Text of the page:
A pregnant peasant woman seeks redress from the Chinese bureaucracy after the village chief kicks her husband in the groin in this comedy of justice. As she is frustrated by each level of ... See full summary »
In a remote mountain village, the teacher must leave for a month, and the mayor can find only a 13-year old girl, Wei Minzhi, to substitute. The teacher leaves one stick of chalk for each ... See full summary »
A young man who survives a disaster at sea is hurtled into an epic journey of adventure and discovery. While cast away, he forms an unexpected connection with another survivor: a fearsome Bengal tiger.
Master Chu, a retired Chinese Tai-Chi master, moves to Westchester, New York to live with his son Alex, his American daughter-in-law Martha, and their son Jeremy. However, Martha's second novel is suffering from severe writers' block brought on by Chu's presence in the house. Alex must struggle to keep his family together as he battles an inner conflict between cultural tradition and his modern American lifestlye. Written by
Sometimes small productions can give you quite a treat.
Sihung Lung, the actor who played Master Chu, the aging tai chi master, gave a very convincing and sincere performance in this film. It was no wonder that he won the Golden Horse (Taiwan's equivalent for the Oscars) for Best Actor in this film. His performance was extremely touching, as tears jerked into my eyes as I see an aging and traditional Chinese father trying to get along with his westernized family while also trying to adjust to life in a new place and culture. The film encourages people, especially new immigrants, to emphasize and put themselves in their parents' shoes. Try to understand how difficult it is for them to come and settle in a new place and try not to push them away. Be patient with them, take a step back and everything may be better.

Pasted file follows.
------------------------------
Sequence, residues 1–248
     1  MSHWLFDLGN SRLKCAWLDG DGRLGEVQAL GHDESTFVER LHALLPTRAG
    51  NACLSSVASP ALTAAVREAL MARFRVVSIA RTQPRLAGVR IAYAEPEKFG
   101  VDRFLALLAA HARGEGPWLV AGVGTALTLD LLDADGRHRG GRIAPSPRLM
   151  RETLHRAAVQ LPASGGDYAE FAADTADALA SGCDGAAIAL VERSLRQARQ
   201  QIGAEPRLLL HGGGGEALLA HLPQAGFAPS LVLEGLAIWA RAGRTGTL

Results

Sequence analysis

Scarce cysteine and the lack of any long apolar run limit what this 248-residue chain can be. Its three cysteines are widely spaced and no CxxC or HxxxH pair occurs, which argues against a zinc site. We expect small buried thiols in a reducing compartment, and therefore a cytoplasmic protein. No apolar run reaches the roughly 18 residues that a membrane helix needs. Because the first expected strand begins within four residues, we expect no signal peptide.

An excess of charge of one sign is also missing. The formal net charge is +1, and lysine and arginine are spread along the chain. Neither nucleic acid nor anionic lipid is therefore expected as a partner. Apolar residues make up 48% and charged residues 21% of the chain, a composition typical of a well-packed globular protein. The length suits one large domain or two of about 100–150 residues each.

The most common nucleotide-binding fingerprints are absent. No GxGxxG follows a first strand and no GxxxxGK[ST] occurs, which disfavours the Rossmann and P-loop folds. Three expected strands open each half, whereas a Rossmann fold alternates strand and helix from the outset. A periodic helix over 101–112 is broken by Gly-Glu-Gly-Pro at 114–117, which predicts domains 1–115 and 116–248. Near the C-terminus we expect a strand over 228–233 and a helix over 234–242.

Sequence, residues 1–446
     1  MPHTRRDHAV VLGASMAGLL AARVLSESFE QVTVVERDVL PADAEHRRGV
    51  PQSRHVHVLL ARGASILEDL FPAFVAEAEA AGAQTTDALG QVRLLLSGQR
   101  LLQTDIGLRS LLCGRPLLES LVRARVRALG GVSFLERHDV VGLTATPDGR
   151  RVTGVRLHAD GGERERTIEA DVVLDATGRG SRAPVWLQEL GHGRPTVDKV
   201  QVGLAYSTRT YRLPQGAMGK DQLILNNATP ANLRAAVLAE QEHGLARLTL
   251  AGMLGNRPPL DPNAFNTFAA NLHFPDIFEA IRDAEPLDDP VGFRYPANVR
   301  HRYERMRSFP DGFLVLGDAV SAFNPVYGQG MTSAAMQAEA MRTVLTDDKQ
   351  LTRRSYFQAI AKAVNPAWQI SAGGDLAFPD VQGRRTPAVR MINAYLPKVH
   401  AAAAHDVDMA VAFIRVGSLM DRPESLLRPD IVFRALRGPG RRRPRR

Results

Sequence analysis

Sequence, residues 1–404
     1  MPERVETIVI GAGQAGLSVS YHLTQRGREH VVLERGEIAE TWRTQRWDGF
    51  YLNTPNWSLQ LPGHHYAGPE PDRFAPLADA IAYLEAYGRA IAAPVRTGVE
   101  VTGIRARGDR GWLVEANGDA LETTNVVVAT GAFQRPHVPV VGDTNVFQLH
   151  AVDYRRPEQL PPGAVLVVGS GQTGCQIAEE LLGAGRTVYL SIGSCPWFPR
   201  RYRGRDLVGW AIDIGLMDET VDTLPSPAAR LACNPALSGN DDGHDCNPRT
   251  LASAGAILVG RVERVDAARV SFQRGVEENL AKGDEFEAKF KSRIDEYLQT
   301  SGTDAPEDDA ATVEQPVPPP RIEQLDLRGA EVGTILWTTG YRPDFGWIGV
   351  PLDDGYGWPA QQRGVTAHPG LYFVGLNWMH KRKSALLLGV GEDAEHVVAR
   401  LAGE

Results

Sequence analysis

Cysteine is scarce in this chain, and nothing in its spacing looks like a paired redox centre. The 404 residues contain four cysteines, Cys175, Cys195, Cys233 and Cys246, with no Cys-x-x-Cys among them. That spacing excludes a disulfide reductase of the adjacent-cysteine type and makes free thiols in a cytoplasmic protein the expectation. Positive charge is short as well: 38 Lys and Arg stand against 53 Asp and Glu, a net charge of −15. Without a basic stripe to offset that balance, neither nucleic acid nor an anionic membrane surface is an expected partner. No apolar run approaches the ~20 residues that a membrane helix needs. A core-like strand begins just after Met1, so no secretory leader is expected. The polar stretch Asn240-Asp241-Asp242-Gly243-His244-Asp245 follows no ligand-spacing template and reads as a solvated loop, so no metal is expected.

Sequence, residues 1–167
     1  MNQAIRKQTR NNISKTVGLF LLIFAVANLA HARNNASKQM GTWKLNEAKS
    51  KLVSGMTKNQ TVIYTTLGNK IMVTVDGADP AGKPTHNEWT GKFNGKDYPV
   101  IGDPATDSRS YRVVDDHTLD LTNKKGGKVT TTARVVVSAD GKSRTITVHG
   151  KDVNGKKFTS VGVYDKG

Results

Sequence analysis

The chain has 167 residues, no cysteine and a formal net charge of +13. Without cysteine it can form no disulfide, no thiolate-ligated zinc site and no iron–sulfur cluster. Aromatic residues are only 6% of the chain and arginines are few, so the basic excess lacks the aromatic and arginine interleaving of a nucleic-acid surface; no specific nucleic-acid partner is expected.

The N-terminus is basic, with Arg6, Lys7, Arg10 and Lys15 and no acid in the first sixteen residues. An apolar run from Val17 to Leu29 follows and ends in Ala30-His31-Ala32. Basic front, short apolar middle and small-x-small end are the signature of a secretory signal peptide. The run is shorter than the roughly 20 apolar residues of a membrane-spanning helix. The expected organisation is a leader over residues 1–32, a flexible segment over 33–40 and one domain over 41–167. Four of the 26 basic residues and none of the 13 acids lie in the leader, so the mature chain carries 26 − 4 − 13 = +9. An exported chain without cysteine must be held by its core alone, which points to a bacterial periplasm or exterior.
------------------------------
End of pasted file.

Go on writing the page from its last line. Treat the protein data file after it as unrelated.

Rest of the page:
The movie title, "Pushing Hands", is very appropriate, as this is the term for an exercise in tai chi in which a person achieves balance by giving up balance. In this non-aggressive exercise between 2 people, a person offers no resistance at all to the pressure or push that the other person is exerting and keeps borrowing this strength until they feel they have fused into one and thus have achieved harmony. This was what Master Chu did. Although his daughter-in-law kept misunderstanding him, causing much discontent and eventually got his son to try to sent him away, he offered no resentment or a temper tantrum. He simply walked away gracefully. This action caused his son to appreciate him and remember why he got his father to live together in the first place in a tear jerking scene and finally they worked out a solution. They decided to give each other space by living separately instead of pushing each other away. In the end everyone was much happier, as even the daughter-in-law learned to accept the father, symbolized by her decorating the guest room for him and asking the question if he would ever visit. The father achieved the balance that he seek in Tai-Chi.
Ang Li is simply amazing and sensational. He did what he could with the limited budget and created a very warm and tear jerking film. Although this film was not the highest quality (the version I saw was very unclear and skips sometimes) and it could feel slow at times, especially the beginning sequence, the film was a great work in directing. The film picked up its pace after the slow beginning without any big fighting scenes or explosions and never felt boring afterwards. Also, from the beginning sequence, where he was able to show the dissension and gap between the daughter-in-law and the father by using just different scenes and visuals, to scenes throughout the film where he used lighting and different camera angles to show the internal pain and sadness that the father experience, it was, simply put, a great piece of art considering the budget. It showcased the talent of Li and gave the audience a glimpse of the man who would bring us the memorable Couching Tiger, Hidden Dragon.
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